[Editor’s Note: This review may contain spoilers]
Writer: Mark Russell
Artist: Mike Feehan
Inker: Mark Morales
Writer of Sasquatch Detective: Brandee Stilwell
Artist of Sasquatch Detective: Gus Vazquez
Tragedy hits hard. Lives are in flux. The Russians and the United States heat up the nuclear arms race while the House Un-American Activities Committee puts the heat on our humanoid hero. Seriously, giving away anything else in this summary would ruin this issue.
Do you know how sometimes you are looking at one thing and then you realize you are looking at something else entirely? No? Do you remember when you first realized Frog and Toad were more than friends? Is this that time for you? If so, sorry if I ruined your childhood. If not, check this out. Snagglepuss and Gigi Allen are having it out on the floor of the House of Representatives. It is 1953. The Red Scare is in full effect. SP drops this knowledge:
“I know you are all afraid. I wish I could tell you the threat isn’t real. I wish I could tell you that everything will be alright, but I can not. I only know that a nation must conquer its fears or become them.”
So here we are. It is 2018. The Supreme Court is about to decide if the President’s “travel (Muslim) ban” is going to be legal. Thousands of people who have marched from Central America to the United States to seek asylum from brutal conditions have been held at the border in Mexico or have been turned away.
Hmmm. Wait, what? Frog and Toad are not just friends?
Mark Russell has managed to take a Saturday morning cartoon character who had one joke “Exit, Stage Left” and turned him into the hero we all need. Mike Feehan has managed to take that same character, who, like all of his Hanna Barbera brothers and sisters, was so oddly drawn that they could only be two dimensional and absurd, and turned him into such a strong character that the fact he is not wearing pants goes unnoticed. Feehan has shown angst and pain and joy. It is a sight to behold.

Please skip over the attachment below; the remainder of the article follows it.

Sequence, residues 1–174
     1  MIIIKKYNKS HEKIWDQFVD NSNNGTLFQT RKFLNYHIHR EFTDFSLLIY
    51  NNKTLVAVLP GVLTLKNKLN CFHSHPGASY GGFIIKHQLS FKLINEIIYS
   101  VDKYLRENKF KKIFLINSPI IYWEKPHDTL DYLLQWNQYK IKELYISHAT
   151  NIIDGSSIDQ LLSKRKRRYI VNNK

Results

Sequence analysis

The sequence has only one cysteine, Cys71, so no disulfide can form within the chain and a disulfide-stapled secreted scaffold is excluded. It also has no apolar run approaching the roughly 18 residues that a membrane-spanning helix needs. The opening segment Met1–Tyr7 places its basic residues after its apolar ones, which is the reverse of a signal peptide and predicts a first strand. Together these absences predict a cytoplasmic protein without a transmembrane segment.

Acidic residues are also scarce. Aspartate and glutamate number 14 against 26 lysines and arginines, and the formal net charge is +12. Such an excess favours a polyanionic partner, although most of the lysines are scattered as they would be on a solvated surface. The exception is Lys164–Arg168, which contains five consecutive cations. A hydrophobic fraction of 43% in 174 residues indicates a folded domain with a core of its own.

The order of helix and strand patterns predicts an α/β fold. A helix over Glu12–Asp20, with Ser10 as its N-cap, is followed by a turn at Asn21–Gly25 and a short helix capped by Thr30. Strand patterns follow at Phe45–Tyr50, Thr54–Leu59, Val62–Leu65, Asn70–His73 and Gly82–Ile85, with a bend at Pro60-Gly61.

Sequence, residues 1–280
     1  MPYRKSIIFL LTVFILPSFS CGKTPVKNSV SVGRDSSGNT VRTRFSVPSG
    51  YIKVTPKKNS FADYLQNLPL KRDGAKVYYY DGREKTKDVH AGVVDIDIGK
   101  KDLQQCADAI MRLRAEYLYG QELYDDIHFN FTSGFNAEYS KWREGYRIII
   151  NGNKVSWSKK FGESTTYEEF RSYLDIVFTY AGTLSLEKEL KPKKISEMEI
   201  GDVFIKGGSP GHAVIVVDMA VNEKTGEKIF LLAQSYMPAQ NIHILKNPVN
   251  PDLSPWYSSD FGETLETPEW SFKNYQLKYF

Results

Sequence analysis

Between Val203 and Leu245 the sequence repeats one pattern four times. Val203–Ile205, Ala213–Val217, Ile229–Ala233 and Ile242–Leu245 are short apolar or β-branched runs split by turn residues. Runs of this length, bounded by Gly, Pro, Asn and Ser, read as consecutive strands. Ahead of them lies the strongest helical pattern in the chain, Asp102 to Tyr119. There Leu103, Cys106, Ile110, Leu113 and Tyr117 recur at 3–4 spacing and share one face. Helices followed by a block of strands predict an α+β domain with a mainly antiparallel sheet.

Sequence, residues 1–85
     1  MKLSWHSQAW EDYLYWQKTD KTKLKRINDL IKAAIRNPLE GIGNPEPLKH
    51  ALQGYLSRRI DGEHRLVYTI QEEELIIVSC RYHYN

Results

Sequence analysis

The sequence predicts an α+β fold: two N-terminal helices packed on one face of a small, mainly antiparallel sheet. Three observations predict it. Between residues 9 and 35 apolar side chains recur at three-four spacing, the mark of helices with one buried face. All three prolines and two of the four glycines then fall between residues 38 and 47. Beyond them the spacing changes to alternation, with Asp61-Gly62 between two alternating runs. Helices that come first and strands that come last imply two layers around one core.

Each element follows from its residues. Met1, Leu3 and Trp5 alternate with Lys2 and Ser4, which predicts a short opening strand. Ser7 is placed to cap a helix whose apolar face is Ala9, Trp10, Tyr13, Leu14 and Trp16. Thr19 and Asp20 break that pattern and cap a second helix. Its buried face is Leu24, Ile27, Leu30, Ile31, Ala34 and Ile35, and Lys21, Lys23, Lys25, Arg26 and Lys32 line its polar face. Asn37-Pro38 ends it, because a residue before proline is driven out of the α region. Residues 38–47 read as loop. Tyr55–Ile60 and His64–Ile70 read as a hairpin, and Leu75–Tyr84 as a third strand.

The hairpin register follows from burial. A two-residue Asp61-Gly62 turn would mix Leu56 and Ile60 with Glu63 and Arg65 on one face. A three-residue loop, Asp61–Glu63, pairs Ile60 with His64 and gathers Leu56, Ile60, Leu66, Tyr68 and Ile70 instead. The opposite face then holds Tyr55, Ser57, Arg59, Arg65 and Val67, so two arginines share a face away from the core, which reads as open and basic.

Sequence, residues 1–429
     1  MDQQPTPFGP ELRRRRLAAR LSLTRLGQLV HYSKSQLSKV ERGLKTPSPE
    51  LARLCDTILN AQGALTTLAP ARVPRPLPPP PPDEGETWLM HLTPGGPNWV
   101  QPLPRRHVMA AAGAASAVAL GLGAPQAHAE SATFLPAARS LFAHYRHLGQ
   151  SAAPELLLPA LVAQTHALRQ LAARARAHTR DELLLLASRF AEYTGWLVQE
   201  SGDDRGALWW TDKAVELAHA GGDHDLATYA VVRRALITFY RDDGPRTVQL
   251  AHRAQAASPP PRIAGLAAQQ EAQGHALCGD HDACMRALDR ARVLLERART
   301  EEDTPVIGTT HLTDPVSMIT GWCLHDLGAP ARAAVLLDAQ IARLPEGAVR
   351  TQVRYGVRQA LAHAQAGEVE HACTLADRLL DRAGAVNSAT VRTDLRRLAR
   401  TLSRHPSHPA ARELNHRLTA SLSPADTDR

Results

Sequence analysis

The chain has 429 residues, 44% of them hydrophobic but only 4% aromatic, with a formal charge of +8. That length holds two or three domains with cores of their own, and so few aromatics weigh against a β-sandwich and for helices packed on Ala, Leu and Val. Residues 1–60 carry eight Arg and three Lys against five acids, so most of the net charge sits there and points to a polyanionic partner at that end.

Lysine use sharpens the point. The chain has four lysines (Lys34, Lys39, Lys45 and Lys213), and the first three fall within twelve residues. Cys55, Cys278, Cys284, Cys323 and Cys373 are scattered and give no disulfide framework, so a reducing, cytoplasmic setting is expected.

Sasquatch Detective happens in this issue again. It is good in its own way. It has grown on me. It does not belong here, but give it a look. It is bright and colorful and silly (in a good way).
Nothing springs to mind. I am hurt by what happens in this issue. Even though I saw it coming, (cover art foreshadowing for the win) I still was in pain.
From cover to cover, this book has a soul. It has heart. It has a compelling story that uses the lens of history to point out our present. There is strong message being told here. Read this book. Give it to your friends. Talk about it. Share it. It is important. Do it now.